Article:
In short, the individual incentives of lawmakers and the corresponding institutional structures that Congress makes use of both cut against lawmaker interest and involvement in legal questions. Making matters worse, party polarization exacerbates lawmaker tendencies to trade off institutional prerogatives for policy goals. (15) With Democrats and Republicans increasingly pursuing conflicting agendas and with power increasingly centralized in House and Senate leadership, party polarization cuts against lawmakers thinking concretely about legal issues, let alone asserting a pro-Congress view of the law. (16) Correspondingly, Congress exercises power through bicameral legislation and cannot resist the courts or the executive without strong majorities in both houses. (17) Indeed, as compared to its powers over the executive (some of which do not require bicameral action, for example, the powers to confirm and investigate), Congress has few levers of power to influence the judiciary. (18)
In making these points, this Article extends existing scholarship on Congress's interest in legal questions. Several scholars, myself included, have examined why it is that Congress is interested in issues of policy and power, not abstract issues involving the scope of Congress's power to advance a pro-Congress view of constitutional or statutory interpretation. (19) Scholars, too, have examined the issue of Congress-federal court dialogue through examinations of the Offices of Legislative Counsel and the ability of today's polarized Congress to override disfavored statutory interpretation cases. (20) This Article seeks to connect the dots of existing scholarship and advance a more nuanced explanation for why Congress acquiesces to judicial interpretations of the Constitution and federal statutes.
This Article is divided into three parts. Part I contrasts the institutional incentives of Congress and the executive and, in so doing, explains why lawmakers are generally uninterested in legal questions and, relatedly, why Congress lacks the institutional will to advance a coherent pro-Congress view of legal issues. Part I also explains how party polarization exacerbates Congress's tendencies to discount legal questions. Part II considers institutional structures in Congress and how those structures both accentuate lawmakers' disinterest in legal questions and treat the courts as the last word in legal disputes. Part II will focus on the committee system, the ascendency of the court-centric Judiciary Committee to oversee legal questions and the DOJ, and the role of the nonpartisan, court-centric Offices of Legislative Counsel and Congressional Research Service. Part II will also contrast the executive to Congress, noting how the institutional structures of the executive branch facilitate pro-executive understandings of the law. (21) Part III is a summary and extension of the first two Parts. Specifically, Part III considers how Senate judicial confirmation fights and Congress's refusal to limit federal court jurisdiction support my conclusions about Congress's acceptance of judicial supremacy.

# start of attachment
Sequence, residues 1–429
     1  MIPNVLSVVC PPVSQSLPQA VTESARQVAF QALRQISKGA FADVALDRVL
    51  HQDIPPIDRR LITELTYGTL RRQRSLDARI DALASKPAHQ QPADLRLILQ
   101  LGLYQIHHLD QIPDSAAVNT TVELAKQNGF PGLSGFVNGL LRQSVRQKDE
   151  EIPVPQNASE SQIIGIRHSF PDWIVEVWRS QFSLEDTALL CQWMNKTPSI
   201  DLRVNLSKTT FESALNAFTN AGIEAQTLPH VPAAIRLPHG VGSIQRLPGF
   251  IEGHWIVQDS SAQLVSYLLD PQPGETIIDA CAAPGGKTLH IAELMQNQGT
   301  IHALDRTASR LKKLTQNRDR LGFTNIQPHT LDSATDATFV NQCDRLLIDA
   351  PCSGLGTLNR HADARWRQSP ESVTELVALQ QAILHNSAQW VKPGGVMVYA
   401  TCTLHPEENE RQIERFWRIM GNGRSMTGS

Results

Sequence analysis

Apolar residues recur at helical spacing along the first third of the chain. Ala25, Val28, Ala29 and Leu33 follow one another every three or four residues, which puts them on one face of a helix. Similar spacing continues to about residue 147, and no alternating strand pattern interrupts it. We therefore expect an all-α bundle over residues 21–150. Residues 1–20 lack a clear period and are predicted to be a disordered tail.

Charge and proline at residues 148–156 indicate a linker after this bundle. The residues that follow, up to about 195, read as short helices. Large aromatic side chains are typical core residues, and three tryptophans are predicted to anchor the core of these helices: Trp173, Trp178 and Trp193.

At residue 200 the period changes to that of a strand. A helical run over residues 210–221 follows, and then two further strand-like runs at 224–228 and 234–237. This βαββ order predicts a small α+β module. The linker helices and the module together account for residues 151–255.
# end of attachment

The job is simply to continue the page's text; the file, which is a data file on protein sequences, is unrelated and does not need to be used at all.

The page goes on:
The Constitution does not detail the actual powers of the three branches; instead, the "ongoing practice of politics" defines the practical rights of each branch to exercise power both "in an absolute sense and relative to one another." (22) The early Congresses were vigorous defenders of legislative prerogatives. On war powers, Congress routinely asserted its prerogative to declare war, and Presidents and the Supreme Court alike saw Congress as empowered to "declare a general war or ... a limited war." (23) On issues implicating judicial power, Congress expressed its disapproval of the Marbury v. Madison litigation both by canceling the Supreme Court's 1802 term and by refusing to honor a Court order to turn over documents concerning the Marbury appointment. (24) The Jeffersonian Congress, too, threatened to use its impeachment power to clear the bench of disliked Federalist judges. (25) The Supreme Court did not fight back. Court decisions tracked legislative debates. (26) Perhaps more telling, Marbury was the only case to invalidate an act of Congress before 1857; the Court and Chief Justice John Marshall argued that Congress should not impeach judges but, instead, should recognize the "mildness" of the judicial character by statutorily reversing "legal opinions deemed unsound." (27)
Today's Congress, however, lacks both the will and the way to assert a strong view of congressional power to either the courts or executive. (28) Lawmaker motivations cut against both broad assertions of institutional prerogatives and efforts to coordinate with other lawmakers to advance a pro-Congress agenda. Party polarization exacerbates these inclinations. By way of contrast, the unitary structure of the executive incentivizes the President to embrace departmentalism and advance a consistent pro-executive vision of executive power. This Part will initially contrast the incentives of the modern-day executive and Congress; it will then consider more concretely why today's lawmakers have little reason both to think about congressional power and to work together to advance a pro-Congress view of the law.
The Competing Incentives of Congress and the Executive
The individual and institutional interests of the President are one and the same. Thanks...